The Billionaire's Ballet (Friends with Benefits)

By: Deanna Roy

God, had I really said that? Like I was twelve?

Quinn stared hard at my face. “This is unreal! It’s like you’re somebody else.”

“Still me!” I said. I reached forward to take one of my suitcases from the butler’s assistant, who stood waiting for me to tell him what to do. “I’ll handle this. I have to go around the wall.”

The butler still looked quizzically at me. He had resumed a more formal position now that the crisis seemed to be over.

“I’m Danika’s daughter,” I told him.

His eyebrows raised as he realized the situation.

I couldn’t stand any of this one moment more. Despite the smart suit, the high heels, the perfect hair, I was still the hired help’s daughter. I snatched my luggage away and took off down the side path that led around the wall.

I heard Quinn say, “Wait!” but there wasn’t enough conviction in it for me. He was the one who didn’t respond to my emails in the first months I was gone.

I was the one who saw picture after picture of the women he’d been with during all these years.

I was so stupid. So stupid.

I ran faster, the wheels on the luggage bouncing as I dragged them down the path.

Only when I had turned the corner past the wall did I stop to take a breath. My feet were used to taking a beating, but the pounding of my heart had nothing to do with the run.

I peeked back around the wall.

Quinn and the butler were heading inside. Quinn tapped his racket on the ground as he walked, as if agitated.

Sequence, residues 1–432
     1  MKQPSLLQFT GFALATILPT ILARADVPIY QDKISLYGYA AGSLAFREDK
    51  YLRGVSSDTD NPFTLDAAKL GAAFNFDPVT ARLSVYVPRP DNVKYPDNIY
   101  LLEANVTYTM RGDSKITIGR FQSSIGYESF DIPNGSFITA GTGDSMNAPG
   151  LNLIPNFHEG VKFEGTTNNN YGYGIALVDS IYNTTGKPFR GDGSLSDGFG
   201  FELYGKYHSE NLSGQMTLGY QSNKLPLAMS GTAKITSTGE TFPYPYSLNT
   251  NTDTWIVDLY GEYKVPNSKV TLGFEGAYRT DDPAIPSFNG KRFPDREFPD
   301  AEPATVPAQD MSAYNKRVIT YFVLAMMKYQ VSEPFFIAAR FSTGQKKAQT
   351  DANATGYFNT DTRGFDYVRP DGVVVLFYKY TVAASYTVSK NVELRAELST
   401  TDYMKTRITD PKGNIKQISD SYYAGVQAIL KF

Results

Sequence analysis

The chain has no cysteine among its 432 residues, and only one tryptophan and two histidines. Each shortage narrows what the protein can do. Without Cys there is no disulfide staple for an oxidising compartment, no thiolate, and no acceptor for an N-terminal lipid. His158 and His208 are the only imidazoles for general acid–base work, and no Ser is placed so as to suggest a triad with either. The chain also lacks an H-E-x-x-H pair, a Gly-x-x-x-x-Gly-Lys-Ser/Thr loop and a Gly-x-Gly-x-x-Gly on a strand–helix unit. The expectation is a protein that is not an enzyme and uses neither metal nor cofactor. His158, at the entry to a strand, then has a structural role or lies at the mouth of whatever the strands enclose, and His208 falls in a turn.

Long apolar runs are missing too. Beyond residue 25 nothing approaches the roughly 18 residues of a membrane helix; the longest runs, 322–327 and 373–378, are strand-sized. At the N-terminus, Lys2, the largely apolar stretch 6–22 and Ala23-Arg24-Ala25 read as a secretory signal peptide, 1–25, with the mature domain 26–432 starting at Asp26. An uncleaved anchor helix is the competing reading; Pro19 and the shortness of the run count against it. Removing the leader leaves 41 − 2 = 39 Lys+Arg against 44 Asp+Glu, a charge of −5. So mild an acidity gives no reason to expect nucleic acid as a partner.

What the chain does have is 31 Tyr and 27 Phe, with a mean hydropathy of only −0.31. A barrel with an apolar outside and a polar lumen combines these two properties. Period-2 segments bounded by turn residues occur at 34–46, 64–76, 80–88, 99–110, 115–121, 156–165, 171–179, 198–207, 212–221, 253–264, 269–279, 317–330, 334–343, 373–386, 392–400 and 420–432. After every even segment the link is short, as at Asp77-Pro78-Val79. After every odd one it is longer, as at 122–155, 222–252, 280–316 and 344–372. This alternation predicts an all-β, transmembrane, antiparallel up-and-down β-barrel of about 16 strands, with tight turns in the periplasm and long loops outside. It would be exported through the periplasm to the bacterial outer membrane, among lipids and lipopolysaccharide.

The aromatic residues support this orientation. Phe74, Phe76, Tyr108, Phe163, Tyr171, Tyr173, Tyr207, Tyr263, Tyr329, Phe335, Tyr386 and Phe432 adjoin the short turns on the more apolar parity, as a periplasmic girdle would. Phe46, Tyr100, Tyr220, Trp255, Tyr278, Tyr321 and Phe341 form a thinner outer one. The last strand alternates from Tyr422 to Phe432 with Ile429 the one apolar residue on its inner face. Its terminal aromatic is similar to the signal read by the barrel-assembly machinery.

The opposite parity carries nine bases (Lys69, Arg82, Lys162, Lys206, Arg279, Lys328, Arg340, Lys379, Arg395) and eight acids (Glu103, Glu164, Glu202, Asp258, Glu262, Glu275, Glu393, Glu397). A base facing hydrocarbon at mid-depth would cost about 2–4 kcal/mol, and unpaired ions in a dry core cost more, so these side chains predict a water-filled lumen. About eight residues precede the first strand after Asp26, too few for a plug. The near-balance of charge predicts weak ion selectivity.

I leaned against the stone. Despite six years of accomplished dance, my acceptance into a ballet troupe that traveled internationally, and my advancement from the chorus to minor roles, I had gotten nowhere.

I was still the girl peering at the party from behind the wall.

Chapter 4

The path to Mother’s guesthouse had never felt longer. I had no chance to enjoy getting reacquainted with the paths and trees that were my playground as a child.

I wanted to hide.

Not that Quinn was going to come looking for me. He was obviously expecting some fresh female tennis instructor. A live-in, no less. Now that I thought about it, his hand on my elbow was more creepy than titillating. Did he hit on everyone that way? Had he always? He obviously didn’t know the woman or he would have realized I wasn’t her.

By the time I arrived at the front door, the estate cook was already heading my way, her short legs a blur beneath her ample body in a blue dress and white apron. “Juliet?” she called. “Is that you?”

I arranged my luggage on the porch and waited for her, delighted to see the tiny woman who had worked here since before any of the Claremont children were born. “Yes, Amelia. So good to see you!”

Amelia was small and round and smelled of flour and vanilla, like a walking pastry. She pressed her palms to my cheeks. “You look so different! All grown up! And beautiful!”

“Thank you,” I said. “Is Mother at the dance studio?”

“No, I believe she is out.” A concerned emotion flitted across Amelia’s face.

“I’m sure her schedule has changed. Rose is gone, right? To college? Only Pearl would still be here.”

Amelia’s smile was more forced now. “Miss Rose is in Europe traveling. Miss Pearl has little interest in dance these days.”

“Oh.” I worried that Mother’s job was in jeopardy. Maybe that’s why she didn’t make it to New York. Saving her money.

I would have to adjust my plans. Base out of someplace less expensive than Manhattan. Find a studio that needed an instructor. Maybe we could buy her into one so she wasn’t just working hourly as an instructor, but getting a percentage of the profits.

My mind raced.

“Don’t you worry about anything,” Amelia said. She reached behind me to open Mother’s door with her enormous set of keys. “You settle yourself right in. Will you be here long?”

“About a month,” I said as I rolled the bags inside. “How did you know I was here?”

“Master Quinn,” she said with a grin. “He was carrying on about you.”

My heart sped up again. “What did he say?”

“Just that he’d seen you and that he couldn’t believe it was you!”

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